“Competition policy is fourth pillar of Economic Policy”
Ahmedabad, 22 June 2012
Mr. Ashok Chawla, Chairman of Competition Commission of India (CCI), today said that India’s shift from Monopolies and Restrictive Trade Practices (MRTP) Act enacted in 1969 to setting up of Competition Act passed in 2002 has been as per international norms.
Addressing the inaugural lecture in lecture series on ‘Competition, Economic Policy and Common Man’, jointly organized by Sardar Patel Institute of Public Administration (SPIPA) and FICCI, he said the Indian Act seeks to prohibit anti-competitive agreements including cartels, prevent abuse of dominant positions and regulate mergers and acquisitions (M&A) above the threshold.
Mr. Chawla said that India was among the first developing country to have an Act to restrict unfair trade practices since 1969, subsequently amended in 1981 and again with winds of Economic Reforms in 1991. The expert committee set up in 1999 suggested replacing the MRTP Act and that is how CCI came into being in 2002. However, its provisions were enforced in 2009 after the Act was amended in 2007 and provisions concerning M&A one year ago.
During the last three years, he said that CCI has received 267 matters alleging violations of the Act in diverse sectors like insurance, financial, automobile and pharmaceuticals. Out of them, over 200 have been solved. Unlike MRTP, he said, CCI applies to all enterprises. It includes railways but excludes atomic energy and space.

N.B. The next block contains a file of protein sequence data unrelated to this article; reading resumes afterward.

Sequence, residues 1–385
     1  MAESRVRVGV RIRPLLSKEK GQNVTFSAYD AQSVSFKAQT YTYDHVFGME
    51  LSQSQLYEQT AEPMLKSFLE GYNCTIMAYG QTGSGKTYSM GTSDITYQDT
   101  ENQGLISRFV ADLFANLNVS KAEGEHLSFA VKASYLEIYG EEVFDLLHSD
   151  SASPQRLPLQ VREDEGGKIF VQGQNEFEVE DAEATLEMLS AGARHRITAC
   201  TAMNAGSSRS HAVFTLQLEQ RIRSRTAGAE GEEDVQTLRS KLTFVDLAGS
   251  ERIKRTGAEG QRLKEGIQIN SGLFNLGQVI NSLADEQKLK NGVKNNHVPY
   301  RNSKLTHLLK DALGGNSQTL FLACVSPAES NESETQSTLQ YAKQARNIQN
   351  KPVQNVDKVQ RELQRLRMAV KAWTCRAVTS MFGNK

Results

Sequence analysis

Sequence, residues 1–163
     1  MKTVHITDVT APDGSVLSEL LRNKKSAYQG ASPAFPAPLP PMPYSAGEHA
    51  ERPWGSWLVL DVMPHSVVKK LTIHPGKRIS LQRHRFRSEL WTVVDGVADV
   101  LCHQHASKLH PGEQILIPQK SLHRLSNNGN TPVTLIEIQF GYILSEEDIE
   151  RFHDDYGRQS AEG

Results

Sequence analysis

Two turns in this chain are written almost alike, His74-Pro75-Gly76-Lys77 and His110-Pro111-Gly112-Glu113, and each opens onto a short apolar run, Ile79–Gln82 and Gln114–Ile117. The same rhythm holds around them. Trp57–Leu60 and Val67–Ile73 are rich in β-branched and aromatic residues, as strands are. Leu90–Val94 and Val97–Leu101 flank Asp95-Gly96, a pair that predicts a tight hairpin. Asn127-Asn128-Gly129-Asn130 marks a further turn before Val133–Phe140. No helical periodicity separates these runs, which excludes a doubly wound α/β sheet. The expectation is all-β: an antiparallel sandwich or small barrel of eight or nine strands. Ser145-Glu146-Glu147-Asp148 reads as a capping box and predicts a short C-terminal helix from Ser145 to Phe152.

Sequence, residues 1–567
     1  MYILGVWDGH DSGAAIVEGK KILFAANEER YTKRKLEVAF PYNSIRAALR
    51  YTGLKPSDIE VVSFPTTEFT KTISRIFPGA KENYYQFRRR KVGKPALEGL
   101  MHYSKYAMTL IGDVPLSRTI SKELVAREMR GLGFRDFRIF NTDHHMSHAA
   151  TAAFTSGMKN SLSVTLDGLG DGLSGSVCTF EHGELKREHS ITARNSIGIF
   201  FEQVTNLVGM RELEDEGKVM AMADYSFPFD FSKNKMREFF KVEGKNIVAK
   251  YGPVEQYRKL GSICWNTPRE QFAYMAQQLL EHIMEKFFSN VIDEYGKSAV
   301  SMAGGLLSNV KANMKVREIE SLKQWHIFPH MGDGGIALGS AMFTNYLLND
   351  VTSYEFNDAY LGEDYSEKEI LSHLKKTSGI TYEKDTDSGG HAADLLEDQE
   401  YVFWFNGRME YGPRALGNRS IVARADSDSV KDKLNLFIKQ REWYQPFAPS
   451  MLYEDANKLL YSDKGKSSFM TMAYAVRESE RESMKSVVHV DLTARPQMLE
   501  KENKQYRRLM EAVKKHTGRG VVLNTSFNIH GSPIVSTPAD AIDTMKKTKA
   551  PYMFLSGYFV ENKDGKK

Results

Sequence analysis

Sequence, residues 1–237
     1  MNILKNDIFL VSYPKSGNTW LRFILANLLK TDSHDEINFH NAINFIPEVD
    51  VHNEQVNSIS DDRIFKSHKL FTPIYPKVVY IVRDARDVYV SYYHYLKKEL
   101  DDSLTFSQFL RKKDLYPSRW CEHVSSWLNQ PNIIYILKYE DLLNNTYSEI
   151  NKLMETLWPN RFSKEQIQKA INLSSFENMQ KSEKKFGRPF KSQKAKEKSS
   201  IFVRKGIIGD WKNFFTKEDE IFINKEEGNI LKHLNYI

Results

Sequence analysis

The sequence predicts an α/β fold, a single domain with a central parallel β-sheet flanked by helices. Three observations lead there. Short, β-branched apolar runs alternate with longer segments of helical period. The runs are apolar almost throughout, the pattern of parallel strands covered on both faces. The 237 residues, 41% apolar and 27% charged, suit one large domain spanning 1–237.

Mr. Chawla stressed on the need to spruce up agriculture, certain infrastructure, land and labour markets, upgrade skills, create ‘resource raj’ and to increase governance architecture and institutional credibility for completing the unfinished agenda.
He said the process of rivalry between business enterprises and consumers is a fundamental characteristic of a flexible and dynamic market economy. The government duty is responding to demand for better quality goods and services at lower prices, increasing productivity and ensuring investment for innovations.
Mr.A.K. Joti, Chief Secretary, Government of Gujarat, in his introductory remarks said that India’s emergence as one of the fastest growing economies has its added responsibility of ensuring companies corporate behaviour. He said that Gujarat’s model of including people as drivers of growth. The government policies and regulatory policies have to be pro-competition with free and fair practices.
Mr. Pankaj Patel, Chairman of FICCI Gujarat State Council, said that evolving competition law jointly with the government over the years has been a FICCI vision too.
Mr. Arvind Agarwal, Director General of SPIPA, in his welcome address said that Economic Reforms through Liberalization, Privatization and Globalization (LPG) witnessed higher Gross Domestic Product (GDP) growth rate but has to provide a level playing field for producers to provide quality products and services to the consumers.
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